How to ace the UX job application

By Philip Morton

If you’re interested in getting a job in user experience (UX), what should you do to make a great first impression? Here’re some top tips to think about when putting together your CV, covering letter and portfolio.

If you’re interested in getting a job in user experience (UX), what should you do to make a great first impression? Here’re some top tips to think about when putting together your CV, covering letter and portfolio.

Your covering letter is your executive summary

Many people misunderstand the role of the covering letter. This is your sales pitch to engage the reader, while your CV provides the evidence. It’s not uncommon for applicants to spend a great deal of time on their CV, but not take the same care with their covering letter. Treat them as equally important and you’re more likely to get a job in UX.

Provide a portfolio of previous work

In addition to the usual CV and covering letter, applicants in the UX industry should also supply a portfolio. All three are a window into the applicant’s character, personality and style, and of course gives us a glimpse of what they will be like as a UX practitioner.

Pay attention to layout and design

In our role as consultants, we strive to make products and services easy and enjoyable to use. It follows that the information on your CV, covering letter and portfolio should be equally usable and engaging. If you can’t design your own work effectively, it doesn’t suggest that you’d be able to help clients do the same with theirs either.

Proofread your application

Perhaps an obvious one, but straightforward spelling and grammar errors can undo all of your hard work. Attention to detail is a key quality we look for. Have a few friends look over your CV and covering letter before you apply; it’s a quick and easy way of avoiding needless errors.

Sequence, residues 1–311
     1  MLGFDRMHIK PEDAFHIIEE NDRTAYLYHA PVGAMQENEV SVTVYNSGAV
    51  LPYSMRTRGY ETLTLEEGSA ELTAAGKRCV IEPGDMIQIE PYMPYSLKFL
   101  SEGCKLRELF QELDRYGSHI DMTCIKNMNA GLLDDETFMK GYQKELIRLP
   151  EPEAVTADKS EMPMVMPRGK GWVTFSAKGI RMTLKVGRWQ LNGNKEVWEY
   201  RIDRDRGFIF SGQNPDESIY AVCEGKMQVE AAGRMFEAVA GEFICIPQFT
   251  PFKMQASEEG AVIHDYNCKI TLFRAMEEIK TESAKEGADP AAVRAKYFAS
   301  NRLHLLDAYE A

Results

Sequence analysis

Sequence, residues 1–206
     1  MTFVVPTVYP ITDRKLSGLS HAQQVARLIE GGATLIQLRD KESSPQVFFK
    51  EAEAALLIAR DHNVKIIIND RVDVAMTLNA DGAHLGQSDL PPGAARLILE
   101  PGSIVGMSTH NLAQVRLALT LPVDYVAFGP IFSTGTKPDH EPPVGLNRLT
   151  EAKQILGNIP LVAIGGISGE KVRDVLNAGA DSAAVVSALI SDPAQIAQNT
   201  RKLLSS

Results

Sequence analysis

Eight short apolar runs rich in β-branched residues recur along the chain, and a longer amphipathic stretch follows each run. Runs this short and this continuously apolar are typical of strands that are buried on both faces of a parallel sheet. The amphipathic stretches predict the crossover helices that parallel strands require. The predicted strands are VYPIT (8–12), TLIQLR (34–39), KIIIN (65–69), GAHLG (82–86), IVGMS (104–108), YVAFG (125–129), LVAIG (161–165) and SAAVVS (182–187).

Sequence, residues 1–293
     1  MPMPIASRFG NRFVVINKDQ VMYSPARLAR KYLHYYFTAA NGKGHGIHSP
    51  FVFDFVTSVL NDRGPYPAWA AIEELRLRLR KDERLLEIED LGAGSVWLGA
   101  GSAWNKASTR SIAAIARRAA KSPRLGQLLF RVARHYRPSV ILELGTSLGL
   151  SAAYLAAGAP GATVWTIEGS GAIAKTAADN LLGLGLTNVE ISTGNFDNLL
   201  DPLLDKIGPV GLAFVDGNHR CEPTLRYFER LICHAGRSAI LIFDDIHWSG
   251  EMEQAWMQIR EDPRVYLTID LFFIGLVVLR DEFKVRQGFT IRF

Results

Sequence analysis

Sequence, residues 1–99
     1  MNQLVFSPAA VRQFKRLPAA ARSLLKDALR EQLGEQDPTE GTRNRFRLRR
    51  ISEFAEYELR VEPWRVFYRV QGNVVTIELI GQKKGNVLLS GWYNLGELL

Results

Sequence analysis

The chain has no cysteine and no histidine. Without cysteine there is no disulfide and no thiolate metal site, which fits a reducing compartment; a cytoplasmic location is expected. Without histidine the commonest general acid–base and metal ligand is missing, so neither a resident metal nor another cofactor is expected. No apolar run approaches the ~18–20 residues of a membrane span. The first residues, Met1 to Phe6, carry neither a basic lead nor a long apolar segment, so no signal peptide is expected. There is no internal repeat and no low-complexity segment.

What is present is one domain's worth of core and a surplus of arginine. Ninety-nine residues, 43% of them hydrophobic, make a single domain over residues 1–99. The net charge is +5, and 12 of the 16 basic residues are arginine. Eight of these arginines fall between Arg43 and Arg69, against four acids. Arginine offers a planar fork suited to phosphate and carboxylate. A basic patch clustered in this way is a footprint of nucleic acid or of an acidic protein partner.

Be specific, not generic; understand our company, our culture

One of the most common mistakes people make is not taking enough time to make their application specific enough. It’s easy to tell if the same covering letter and CV have been sent to multiple employers, while a thoughtful and targeted application can make a real difference. Learn about the role, the company and its culture in detail and tailor your CV and covering letter to suit; it’ll pay off in the long run.

Tell a story

With so many applications to sift through, it can be difficult to stand out. One of the best ways to do this is by telling a story through your CV and covering letter. UX is a field with few dedicated bachelor degrees, so almost everyone comes from a different background; try to use this to your advantage by explaining how you became interested in the industry and company. A compelling narrative is much more memorable than a run-of-the-mill application.

We currently have vacancies for UX Consultants and UX Designers. Visit our careers page to find out more.

Philip Morton

I help businesses create better products and services by putting customer insight at the heart of the design process. In the last six years, I've worked with the likes of Sony PlayStation, HSBC, Sega, Tesco and TSB. In that time, I've seen our research, design and strategy work improve both the experience for customers and commercial outcomes for clients.

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